In November 2013, Blizzard hosted a showmatch tournament for its upcoming card game Hearthstone: Heroes of Warcraft. Though no money was on the line, the event—held at the company’s annual convention and esports extravaganza, Blizzcon—fired the starting pistol on a competitive scene that, in 2015, was worth more than $2 million.
In that match, Dan “Artosis” Stemokoski bested Octavian “Kripparrian” Morosan in dominant fashion using cards that have long been consigned to the scrap heap (Avenging Wrath and Argent Commander anyone?) In that emerging scene, players took a chance on the unproven game to compete for a few thousands dollars at a time—if they were lucky.
While some stalwarts have remained competitive, others have faded from view for various reasons. From competitive bans to new career opportunities to early retirements, these are the stories of some of the early leading lights.
Current Hearthstone esports fans owe a lot to Dan “Artosis” Stemkoski. A popular former player and caster in StarCraft, Stemkoski jumped into Hearthstone early and helped propel it to its earliest heights.
Before Blizzcon played host to the Hearthstone World Championship, in 2013 it hosted a prize-free Innkeeper’s Invitational, the showmatch tourney mentioned above. With most of the game’s big early streamers invited, Stemkoski bested the likes of Octavian “Kripparrian” Morosan, Kacem “Noxious” Khilaji, and Jeffrey “Trump” Shih to lift the prestigious tankard. From there, he competed in a number of early tournaments, taking second place at both IEM Katowice and the OGN Invitational. He was also captain of Team DogeHouse, competing in the first four seasons of ESGN’s popular-if-short-lived Fight Night series.
Nowadays, Stemkoski returns to Hearthstone sporadically for major events like Seat Story Cup, but he now combines his StarCraft schedule with casting and helping grow another Blizzard game—Heroes of the Storm.
It wasn’t exactly Dan “Alchemixt” Walton’s choice to stop playing: He was banned from the game. But before that, he was a stalwart of major tournaments throughout 2014.
Though he failed to make any notable grand finals in his Hearthstone career, he was a consistent performer and often placed respectably. In those days, tournament prize pools were often $1,000 if you were lucky. So Walton went home empty handed for a fourth-place in Tavern Takeover 2. He also travelled to China for the World Cyber Arena and World Esports Championship events.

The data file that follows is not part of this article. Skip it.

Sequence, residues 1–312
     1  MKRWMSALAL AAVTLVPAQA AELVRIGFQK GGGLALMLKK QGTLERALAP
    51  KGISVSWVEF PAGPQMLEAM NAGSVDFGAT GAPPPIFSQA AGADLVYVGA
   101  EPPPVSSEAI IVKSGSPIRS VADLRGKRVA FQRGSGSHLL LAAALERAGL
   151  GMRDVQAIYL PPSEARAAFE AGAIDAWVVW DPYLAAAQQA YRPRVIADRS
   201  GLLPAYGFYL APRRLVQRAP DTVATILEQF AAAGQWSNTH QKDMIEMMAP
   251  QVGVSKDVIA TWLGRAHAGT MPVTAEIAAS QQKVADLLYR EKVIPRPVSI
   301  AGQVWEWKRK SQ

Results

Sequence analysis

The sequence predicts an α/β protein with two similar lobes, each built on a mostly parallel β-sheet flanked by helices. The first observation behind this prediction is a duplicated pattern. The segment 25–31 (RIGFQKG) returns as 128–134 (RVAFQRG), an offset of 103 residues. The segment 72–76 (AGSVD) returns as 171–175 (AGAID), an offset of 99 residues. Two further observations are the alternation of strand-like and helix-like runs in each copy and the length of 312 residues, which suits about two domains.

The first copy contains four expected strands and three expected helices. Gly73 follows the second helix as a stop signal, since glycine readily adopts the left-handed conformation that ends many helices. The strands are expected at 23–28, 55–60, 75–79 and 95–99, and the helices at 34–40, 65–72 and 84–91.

Walton’s playing career was cut short by a competitive and account ban from Blizzard for alleged win trading. He did admit to breaking the terms of service, but claimed it had not been deliberate or malicious. He last competed just under a year ago, eventually forming Team Illuminati, which later became Splyce. He remains with the team as manager, but has ruled out a return to competitive play.
Former DogeHouse representative Max “Nyhx” Siebel is one of the most mysterious players from Hearthstone‘s early history.
Siebel is the odd-man-out of the players who competed in ESGN’s Fight Night. Compared to Stemkoski and others who still lead the scene like Cong “StrifeCro” Shu and Janne “Savjz” Mikkonen, he disappeared almost as quickly as he appeared.
Like the rest of the DogeHouse team, Siebel had a background in the World of Warcraft card game, as well as Yu-Gi-Oh! and other similar games. DogeHouse was the first team in Hearthstone, meaning Siebel has the honor of being the first player in the game’s history to leave a team. After DogeHouse’s participation in Fight Night ended, the team entered the Gentleman’s Cup team event with Siebel notably absent from the first match. He left the team officially a few days later, retiring from the game just two months after it had been officially released.
According to his former teammate, Marcin “Gnimsh” Filipowicz, Siebel was a “really emotional player” but got “burned out” on the game. Just a month after his departure from DogeHouse, all the remaining players (except for Stemkoski) were acquired by leading esports franchise Cloud9.
Though he now works for Blizzard helping to balance Hearthstone for mere mortals like you and me, Ryan “Realz” Masterton was once a leading pro player himself.
Like many early pros, Masterton first appeared on ESGN’s Fight Night series. Though Johan “Darkwonyx” Hansson was nominally the captain, it was Masterton who appeared to be leading analysis for the players in between games, giving them feedback on mistakes and what to avoid in the next matchup. He showed off this analytical side in casting the inaugural Hearthstone World Championship in 2014, his last appearance on a Hearthstone broadcast.
Masterton also enjoyed a measure of success in his own right. He won the first Tavern Takeover tournament and placed highly in a number of other online events, with his crowning achievement a top-four finish in Hearthstone‘s first major tournament, DreamHack Summer 2014.
It may have been a surprise when he took a position with Blizzard, players and fans welcomed it as a sign the developer was taking the competitive scene seriously. Certainly there could have been no greater acknowledgement of Masterton’s analytical skill and understanding of the game.
Image via Hearthstone/YouTube